What Causes Air Pollution
According to the World Health Organization, air pollution contributes to more than three million premature deaths per year, many of these among children under five. Air pollution has been linked with higher rates of stroke, heart disease, cystic fibrosis, asthma, chronic bronchitis, emphysema, and multiple forms of cancer.
Outdoor air pollution from industry, transportation, and agriculture are only part of the problem. Indoor air pollution, caused by common household products and activities, is also a significant risk to human health.
The negative impacts of air pollution go well beyond human health, as they affect numerous other plant and animal species and can disrupt entire ecosystems. In the most extreme examples, such as the depletion of the ozone layer due to chlorofluorocarbons or climate change due to greenhouse gas emissions, the impacts of air pollution can be global.
Outdoor Air Pollution
Outdoor air pollution can be grouped into two classifications: primary and secondary pollutants. Primary pollutants are harmful substances emitted into the air as a direct result of an artificial or natural process. Secondary pollutants are harmful substances created in the atmosphere as primary pollutants react with each other and with other chemicals and substances in the environment.
Some of the most significant primary pollutants include:
- Oxides such as sulfur dioxide (SO2), nitrogen dioxide (NO2), carbon monoxide (CO), and carbon dioxide (CO2). While all of these are produced naturally in the environment in small amounts, they are produced in far greater amounts by humans as by-products from the burning of fossil fuels, wood, and waste in power plants, factories, vehicles, and homes. While nitrogen dioxide and carbon monoxide are immediately toxic to humans and other animals, carbon dioxide and sulfur dioxide are of concern in the longer term as contributors to global warming and acid rain, respectively.
- Volatile organic compounds (VOCs) such as methane, benzene, isoprene, and formaldehyde are also produced by natural causes and human activities. The term refers to organic compounds with very low boiling points, allowing them to evaporate or sublimate at room temperature. While methane is a critical greenhouse gas, other volatile organic compounds can have dangerous long-term effects on human health. Plants, molds, and microbes produce most VOCs in the environment, but human activity is a significant contributor through production of paints and solvents as well as the burning of fossil fuels.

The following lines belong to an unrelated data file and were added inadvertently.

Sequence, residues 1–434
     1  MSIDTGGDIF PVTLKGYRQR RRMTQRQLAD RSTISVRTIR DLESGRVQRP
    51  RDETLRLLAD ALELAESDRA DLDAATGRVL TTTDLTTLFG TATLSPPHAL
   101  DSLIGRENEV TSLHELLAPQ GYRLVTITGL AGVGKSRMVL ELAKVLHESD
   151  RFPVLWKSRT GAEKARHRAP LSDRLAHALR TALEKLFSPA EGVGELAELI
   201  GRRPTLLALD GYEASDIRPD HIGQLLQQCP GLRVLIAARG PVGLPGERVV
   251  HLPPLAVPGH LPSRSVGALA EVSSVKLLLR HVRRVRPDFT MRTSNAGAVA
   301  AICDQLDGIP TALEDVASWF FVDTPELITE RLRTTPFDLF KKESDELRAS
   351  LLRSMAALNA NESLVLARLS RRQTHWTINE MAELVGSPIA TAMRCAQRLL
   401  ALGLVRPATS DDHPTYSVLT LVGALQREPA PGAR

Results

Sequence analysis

- Particulate matter (PM) refers to fine particles of solid or liquid matter suspended in a gas. The resulting combination of gas and particulate matter is known as an aerosol. While particulate matter is commonly produced by natural forces such as volcanic eruptions, forest fires, and dust storms, human activity is also a significant contributor via burning of fossil fuels and industrial processes. Particulate matter is grouped according to its size, with particles under 10 microns classified as PM10 and particles under 2.5 microns classified as PM2.5. While both categories have significant health impacts on the cardiopulmonary and respiratory systems, PM2.5 substances are considered more dangerous as they can pass through the lungs and enter the bloodstream.
- Chlorofluorocarbons (CFCs) were commonly in use as refrigerants and aerosol propellants during the 20th century. Their use has been phased out since it was discovered in the late 1970s that CFCs cause destruction of the ozone (O3) layer of the upper stratosphere that protects us from much of the sun's ultraviolet radiation. Though their use in new products is now banned worldwide, existing CFCs already in the atmosphere and in existing refrigeration and air conditioning systems will continue to have negative effects on this critical atmospheric layer for decades to come.
These and other primary pollutants are only the first step in the air pollution equation. Their effects are compounded when these primary pollutants combine with each other and react with other environmental factors to create secondary pollutants: